Quick will accept the Capellini Medal at the Italian Geological Society’s annual meeting Sept. 6-8 in Pisa. On Sept. 6 he will make a scientific presentation about the discovery to society members at the conference.

“What’s new is to see the magmatic plumbing system all the way through the Earth’s crust,” says Quick, who previously served as program coordinator for the Volcano Hazards Program of the U.S. Geological Survey. “Now we want to start to use this discovery. We want to understand the fundamental processes that influence eruptions: Where are magmas stored prior to these giant eruptions? From what depth do the eruptions emanate?”

A key to understanding active calderas
Sesia Valley’s unprecedented exposure of magmatic plumbing provides a model for interpreting geophysical profiles and magmatic processes beneath active calderas. The exposure also serves as direct confirmation of the cause-and-effect link between molten rock from the mantle invading Earth’s deep crust and explosive volcanism.

“It might lead to a better interpretation of monitoring data and improved prediction of eruptions,” says Quick. He is lead author of the scientific article that reported the discovery, “Magmatic plumbing of a large Permian caldera exposed to a depth of 25 km.,” which appeared in the journal “Geology.”

Calderas, which typically exhibit high levels of seismic and hydrothermal activity, often swell, suggesting movement of fluids beneath the surface.

“We want to better understand the tell-tale signs that a caldera is advancing to eruption so that we can improve warnings and avoid false alerts,” Quick says.

“Rosetta Stone” for supervolcanoes may help predict next explosion
To date, scientists have been able to study exposed caldera “plumbing” from the surface of the Earth to a depth of only about 5 kilometers. Because of that, scientific understanding has been limited to geophysical data and analysis of erupted volcanic rocks. Quick likens the relevance of Sesia Valley to seeing bones and muscle inside the human body for the first time after previously envisioning human anatomy on the basis of a sonogram only.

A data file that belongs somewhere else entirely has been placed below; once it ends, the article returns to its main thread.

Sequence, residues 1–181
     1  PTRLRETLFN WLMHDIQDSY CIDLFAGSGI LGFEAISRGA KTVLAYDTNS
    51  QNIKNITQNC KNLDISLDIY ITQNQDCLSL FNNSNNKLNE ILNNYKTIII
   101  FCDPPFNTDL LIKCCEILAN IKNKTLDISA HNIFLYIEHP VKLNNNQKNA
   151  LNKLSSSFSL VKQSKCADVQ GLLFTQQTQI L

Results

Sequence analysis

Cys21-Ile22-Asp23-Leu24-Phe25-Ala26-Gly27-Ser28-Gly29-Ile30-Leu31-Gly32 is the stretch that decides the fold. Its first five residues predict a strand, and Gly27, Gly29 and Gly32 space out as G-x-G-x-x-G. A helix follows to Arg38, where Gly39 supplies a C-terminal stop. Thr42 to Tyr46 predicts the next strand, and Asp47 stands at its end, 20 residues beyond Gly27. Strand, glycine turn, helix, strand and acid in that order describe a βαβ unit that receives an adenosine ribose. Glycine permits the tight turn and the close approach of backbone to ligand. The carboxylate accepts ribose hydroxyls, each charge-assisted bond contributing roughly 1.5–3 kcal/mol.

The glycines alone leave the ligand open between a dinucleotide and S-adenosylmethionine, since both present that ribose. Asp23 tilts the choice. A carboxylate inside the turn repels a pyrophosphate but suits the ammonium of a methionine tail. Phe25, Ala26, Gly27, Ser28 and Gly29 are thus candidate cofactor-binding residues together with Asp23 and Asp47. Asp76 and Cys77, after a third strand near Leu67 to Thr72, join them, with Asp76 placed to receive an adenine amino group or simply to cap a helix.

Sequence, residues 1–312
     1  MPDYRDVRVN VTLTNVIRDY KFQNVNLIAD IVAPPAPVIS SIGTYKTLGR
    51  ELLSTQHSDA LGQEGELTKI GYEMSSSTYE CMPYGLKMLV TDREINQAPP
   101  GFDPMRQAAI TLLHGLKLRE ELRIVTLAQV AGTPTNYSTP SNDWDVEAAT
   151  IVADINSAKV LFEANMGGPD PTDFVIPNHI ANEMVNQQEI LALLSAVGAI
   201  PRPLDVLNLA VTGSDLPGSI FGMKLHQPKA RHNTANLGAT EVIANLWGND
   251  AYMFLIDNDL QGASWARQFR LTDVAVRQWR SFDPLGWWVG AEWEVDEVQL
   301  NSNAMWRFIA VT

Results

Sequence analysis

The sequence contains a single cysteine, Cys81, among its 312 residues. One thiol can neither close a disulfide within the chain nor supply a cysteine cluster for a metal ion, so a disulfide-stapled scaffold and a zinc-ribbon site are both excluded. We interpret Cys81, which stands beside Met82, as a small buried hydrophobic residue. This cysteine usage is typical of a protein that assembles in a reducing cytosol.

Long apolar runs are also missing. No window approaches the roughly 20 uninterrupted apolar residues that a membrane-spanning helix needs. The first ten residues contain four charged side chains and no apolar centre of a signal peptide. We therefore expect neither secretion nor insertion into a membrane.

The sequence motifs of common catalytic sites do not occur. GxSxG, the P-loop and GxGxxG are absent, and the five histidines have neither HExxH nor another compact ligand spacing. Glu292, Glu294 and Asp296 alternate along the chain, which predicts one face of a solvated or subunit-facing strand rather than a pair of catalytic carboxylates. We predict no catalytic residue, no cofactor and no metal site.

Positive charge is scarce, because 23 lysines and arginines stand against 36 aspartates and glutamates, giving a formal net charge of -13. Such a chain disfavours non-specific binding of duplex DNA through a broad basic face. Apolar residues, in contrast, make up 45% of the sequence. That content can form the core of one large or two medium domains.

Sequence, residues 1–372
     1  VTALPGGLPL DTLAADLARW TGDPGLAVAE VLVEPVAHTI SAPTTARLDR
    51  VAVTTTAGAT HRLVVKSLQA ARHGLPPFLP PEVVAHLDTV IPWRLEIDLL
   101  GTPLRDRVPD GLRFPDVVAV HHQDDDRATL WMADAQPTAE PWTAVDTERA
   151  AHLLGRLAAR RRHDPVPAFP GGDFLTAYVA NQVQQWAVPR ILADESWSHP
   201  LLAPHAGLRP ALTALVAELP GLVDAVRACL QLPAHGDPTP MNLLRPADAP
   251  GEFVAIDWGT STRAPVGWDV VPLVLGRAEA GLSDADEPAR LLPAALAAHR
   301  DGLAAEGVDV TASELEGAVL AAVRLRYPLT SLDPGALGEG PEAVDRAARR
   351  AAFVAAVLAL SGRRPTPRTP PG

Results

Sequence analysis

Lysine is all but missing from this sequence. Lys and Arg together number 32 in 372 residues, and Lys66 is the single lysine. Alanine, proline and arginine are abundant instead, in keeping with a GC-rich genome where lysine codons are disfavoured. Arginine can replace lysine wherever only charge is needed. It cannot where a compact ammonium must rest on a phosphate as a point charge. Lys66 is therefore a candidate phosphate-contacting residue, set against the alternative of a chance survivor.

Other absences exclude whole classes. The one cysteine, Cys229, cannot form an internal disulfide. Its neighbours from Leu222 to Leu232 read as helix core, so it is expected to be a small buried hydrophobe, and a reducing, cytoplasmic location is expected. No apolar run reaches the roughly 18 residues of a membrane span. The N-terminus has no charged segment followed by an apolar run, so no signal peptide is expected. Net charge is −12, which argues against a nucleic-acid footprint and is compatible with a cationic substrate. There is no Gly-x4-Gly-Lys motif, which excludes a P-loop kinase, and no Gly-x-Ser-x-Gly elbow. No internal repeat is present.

“We think of the Sesia Valley find as the ‘Rosetta Stone’ for supervolcanoes because the depth to which rocks are exposed will help us to link the geologic and geophysical data,” Quick says. “This is a very rare spot. The base of the Earth’s crust is turned up on edge. It was created when Africa and Europe began colliding about 30 million years ago and the crust of Italy was turned on end.”

Besides Yellowstone, other monumental explosions have included Lake Toba on Indonesia’s Sumatra island 74,000 years ago, which is believed to be the largest volcanic eruption on Earth in the past 25 million years.

Described as a massive climate-changing event, the Lake Toba eruption is thought to have killed an estimated 60 percent of humans alive at the time.

Another caldera, and one that remains active, Long Valley in California erupted about 760,000 years ago and spread volcanic ash for 600 cubic kilometers. The ash blanketed the southwestern United States, extending from California to Nebraska.

“There will be another supervolcano explosion. We don’t know where,” Quick says. “Sesia Valley could help us to predict the next event.”

Quick is also SMU’s associate vice president for research and dean of graduate studies. — Margaret Allen

SMU has an uplink facility located on campus for live TV, radio, or online interviews. To speak with James Quick or to book a live or taped interview in the studio, call SMU News & Communications at 214-768-7650 or email